On a personal note, however, I have to thank the AGW crowd for giving me the opportunity to write the above 6,531-word dissertation, one of my finest pieces. They also gave me the opportunity to create an entire new environmental movement. So thanks, global warming crowd.
I couldn't have done it without you.
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The gravity problem was solved decades ago - just spin the ship.
This Mars trip seems a bit half baked. The GDP per capita sign up fee is supposed to be high enough to make people think about it. US citizens have to pay... $38!!! Even in these depressed economic times, that fee wouldn't require much though and for some, they might figure it a small price for an exciting way to end it all.
The cost for sending the first crew is $6B! I guess they're hoping that the people who are signing up are very unpopular and that a lot of people are anxious to see them go - and never come back.
The payload for each launch is 5000 lbs. That seems pretty light considering that that would have to include the means to produce their own food. They will have to be vegetarians (this is one part that actually makes sense - lefty vegans would probably have the required intelligence to sign up for this), but how much does the equipment and supplies for large scale hydroponic farming weigh? My guess is that some of that 5000 lbs is going to be water and some way to convert waste to plant food at least - but that won't last forever. How long can you reuse that?
I think I'll sit this one out. If I can't have a cheeseburger, I'm not going!
"I think I'll sit this one out. If I can't have a cheeseburger, I'm not going!"
You and I are thinking along the exact same lines. I just skimmed the article and missed that payload number. That seems absurd, and for all the reasons you mentioned and then some.
And then there's this:
"The astronauts will undergo a required eight-year training in a secluded location."
"So, Mr. Jennings, how did your eight-year training session go?"
"Just fine, sonny! Hold on a sec while I go fetch my walker."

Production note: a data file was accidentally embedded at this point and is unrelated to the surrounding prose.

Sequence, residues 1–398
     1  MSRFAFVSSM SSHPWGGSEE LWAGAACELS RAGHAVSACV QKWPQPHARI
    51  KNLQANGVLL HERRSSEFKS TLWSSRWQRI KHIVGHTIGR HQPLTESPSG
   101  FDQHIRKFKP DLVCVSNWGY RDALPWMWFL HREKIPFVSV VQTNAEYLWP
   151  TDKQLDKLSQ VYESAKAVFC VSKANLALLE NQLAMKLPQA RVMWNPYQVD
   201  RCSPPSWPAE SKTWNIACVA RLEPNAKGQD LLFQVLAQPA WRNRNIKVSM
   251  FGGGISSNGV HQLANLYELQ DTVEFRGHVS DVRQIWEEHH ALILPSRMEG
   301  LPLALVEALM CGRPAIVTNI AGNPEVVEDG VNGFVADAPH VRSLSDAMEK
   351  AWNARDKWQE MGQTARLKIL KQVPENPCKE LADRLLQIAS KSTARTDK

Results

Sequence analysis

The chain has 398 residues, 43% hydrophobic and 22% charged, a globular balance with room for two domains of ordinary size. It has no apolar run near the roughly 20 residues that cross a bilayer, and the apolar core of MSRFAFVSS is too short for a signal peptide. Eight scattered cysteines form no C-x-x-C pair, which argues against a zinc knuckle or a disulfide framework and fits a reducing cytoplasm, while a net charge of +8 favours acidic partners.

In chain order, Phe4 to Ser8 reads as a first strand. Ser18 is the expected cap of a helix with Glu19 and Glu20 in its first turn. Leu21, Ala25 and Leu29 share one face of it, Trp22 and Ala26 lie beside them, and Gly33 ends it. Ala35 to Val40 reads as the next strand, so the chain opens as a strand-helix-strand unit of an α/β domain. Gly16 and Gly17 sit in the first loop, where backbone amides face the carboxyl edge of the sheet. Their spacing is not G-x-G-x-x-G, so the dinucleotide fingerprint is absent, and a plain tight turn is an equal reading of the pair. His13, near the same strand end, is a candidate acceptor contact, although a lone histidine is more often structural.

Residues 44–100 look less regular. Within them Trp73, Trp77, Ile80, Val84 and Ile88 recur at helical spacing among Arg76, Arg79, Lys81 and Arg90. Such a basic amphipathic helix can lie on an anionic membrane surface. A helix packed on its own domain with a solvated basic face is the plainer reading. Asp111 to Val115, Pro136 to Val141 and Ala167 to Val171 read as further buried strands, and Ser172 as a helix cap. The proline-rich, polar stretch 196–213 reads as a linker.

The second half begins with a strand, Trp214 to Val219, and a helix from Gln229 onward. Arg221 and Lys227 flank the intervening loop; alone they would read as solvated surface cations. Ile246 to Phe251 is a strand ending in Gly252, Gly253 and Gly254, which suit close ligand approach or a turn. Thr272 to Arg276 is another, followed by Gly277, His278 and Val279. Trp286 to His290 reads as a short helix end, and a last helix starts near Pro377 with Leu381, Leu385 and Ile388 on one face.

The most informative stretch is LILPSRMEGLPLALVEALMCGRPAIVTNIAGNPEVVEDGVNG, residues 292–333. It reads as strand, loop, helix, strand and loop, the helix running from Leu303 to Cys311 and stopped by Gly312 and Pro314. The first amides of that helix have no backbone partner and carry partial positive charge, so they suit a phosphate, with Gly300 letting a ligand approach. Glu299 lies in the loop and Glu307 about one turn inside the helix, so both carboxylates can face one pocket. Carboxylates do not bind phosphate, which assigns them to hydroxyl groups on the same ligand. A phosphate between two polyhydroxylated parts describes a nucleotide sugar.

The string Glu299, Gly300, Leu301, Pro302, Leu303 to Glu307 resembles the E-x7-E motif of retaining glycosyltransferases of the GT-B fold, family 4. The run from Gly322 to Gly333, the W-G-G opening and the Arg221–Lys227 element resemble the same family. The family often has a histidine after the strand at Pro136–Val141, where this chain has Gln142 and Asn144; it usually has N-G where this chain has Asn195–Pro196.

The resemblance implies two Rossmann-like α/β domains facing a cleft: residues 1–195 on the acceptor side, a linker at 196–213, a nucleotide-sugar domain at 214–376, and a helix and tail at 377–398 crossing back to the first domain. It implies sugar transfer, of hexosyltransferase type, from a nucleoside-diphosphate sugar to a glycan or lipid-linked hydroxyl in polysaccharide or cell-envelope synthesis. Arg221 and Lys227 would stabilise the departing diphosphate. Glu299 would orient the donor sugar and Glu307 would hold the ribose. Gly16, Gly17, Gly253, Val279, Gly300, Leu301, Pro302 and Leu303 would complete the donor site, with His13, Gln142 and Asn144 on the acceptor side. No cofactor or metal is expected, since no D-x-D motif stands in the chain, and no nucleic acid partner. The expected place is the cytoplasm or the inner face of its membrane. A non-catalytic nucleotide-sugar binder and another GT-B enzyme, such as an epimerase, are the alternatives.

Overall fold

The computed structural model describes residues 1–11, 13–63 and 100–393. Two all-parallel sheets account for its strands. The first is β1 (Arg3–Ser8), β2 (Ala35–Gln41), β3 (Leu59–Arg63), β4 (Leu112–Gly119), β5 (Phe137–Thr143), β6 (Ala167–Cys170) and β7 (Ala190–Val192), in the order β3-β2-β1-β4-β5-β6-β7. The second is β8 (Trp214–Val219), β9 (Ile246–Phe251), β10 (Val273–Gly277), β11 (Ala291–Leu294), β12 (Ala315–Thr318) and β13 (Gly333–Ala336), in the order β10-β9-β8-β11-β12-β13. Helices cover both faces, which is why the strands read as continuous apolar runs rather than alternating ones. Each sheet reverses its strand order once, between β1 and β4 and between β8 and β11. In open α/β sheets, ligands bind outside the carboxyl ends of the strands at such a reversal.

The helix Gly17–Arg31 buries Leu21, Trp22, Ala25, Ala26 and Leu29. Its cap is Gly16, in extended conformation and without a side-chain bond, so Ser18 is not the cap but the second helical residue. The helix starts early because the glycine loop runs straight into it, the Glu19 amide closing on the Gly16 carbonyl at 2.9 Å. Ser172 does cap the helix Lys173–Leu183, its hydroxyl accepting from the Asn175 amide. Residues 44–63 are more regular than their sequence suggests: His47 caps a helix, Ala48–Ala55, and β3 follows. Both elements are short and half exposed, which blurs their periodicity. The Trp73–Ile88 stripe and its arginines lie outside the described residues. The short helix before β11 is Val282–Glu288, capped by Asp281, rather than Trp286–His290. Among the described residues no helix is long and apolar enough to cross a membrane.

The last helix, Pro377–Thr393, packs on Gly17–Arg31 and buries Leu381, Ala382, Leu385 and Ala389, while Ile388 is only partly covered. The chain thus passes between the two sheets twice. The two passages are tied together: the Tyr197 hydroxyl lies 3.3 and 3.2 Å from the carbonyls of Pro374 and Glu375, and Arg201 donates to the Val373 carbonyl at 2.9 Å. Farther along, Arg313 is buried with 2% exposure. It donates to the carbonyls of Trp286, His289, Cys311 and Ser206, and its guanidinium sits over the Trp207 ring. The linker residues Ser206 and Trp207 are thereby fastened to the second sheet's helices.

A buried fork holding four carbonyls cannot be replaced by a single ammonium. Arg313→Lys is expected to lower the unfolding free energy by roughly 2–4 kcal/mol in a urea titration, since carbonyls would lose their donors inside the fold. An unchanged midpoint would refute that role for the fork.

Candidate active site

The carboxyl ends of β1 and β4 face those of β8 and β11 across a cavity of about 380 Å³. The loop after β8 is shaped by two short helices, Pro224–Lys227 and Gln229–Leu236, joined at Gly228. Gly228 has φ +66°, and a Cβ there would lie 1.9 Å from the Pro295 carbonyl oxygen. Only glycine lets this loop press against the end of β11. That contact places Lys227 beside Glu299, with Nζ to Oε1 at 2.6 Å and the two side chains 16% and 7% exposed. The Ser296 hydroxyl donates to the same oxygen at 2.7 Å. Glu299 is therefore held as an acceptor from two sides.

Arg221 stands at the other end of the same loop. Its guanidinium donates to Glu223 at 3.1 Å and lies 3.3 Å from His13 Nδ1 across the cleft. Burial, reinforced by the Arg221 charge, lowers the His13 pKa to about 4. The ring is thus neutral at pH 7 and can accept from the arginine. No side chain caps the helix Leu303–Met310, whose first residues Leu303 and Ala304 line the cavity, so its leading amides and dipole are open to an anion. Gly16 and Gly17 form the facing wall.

And then we have:
"Astronauts will filter Martian water from the Martian soil."
Hum. As far as I know, they don't even know for sure that there IS any water on Mars. There's supposed to be some kind of 'dry ice' in the polar regions, but in the soil anywhere else?
"Well, Mr. Jennings, there's good news and bad news. The good news is that they found water in the polar regions."
"Great! What's the bad news?"
"It's minus 230 degrees there."
Say, I hear Jupiter's nice this time of year.
Well, now, I do admit I used the 'sepia tone' filter to give the picture more of a rustic, authentic feeling, but I'm not sure if that actually fits the heading of 'glamorized'.
And, to be truthful, that's not the hat he usually wears around the farm. It's more of a wide-brimmed straw thing. He's wearing that hat in the pic because I told to dress up so he'd look his best.
The digital guitar tuner would be really neat if it could accommodate pre-sets for all a'them alt-tunings too, but damn, $299.00 is a bit rich. Especially when God gave us ears.
"Especially when God gave us ears."
And tuning forks and Korg electronic tuners. I keep a tuning fork stuck behind the strings above the nut in case I want to tune it on the road, but otherwise use my faithful Korg.
But that's an interesting thought about the alternate pre-set tunings. One for standard tuning, another for open-string, another with the high strings tuned a few cents up to give it that sharp, edgy 'rock' feel, another with a few strings tuned a few cents down to give it that country feel? Given that we're just talking about a PC chip, it shouldn't be that difficult to implement.
When you get the capital together and are ready to fire up our new company, let me know. :)
Here you are Doc. If you haven't read this one it's really good. When Hubble needed some more help in 2009.
Looks great (and long). I'll read it later when I have time. As far as the Hubble needing repair back in '06, I wrote a scathing report on it here. I say, can the whole thing and start over.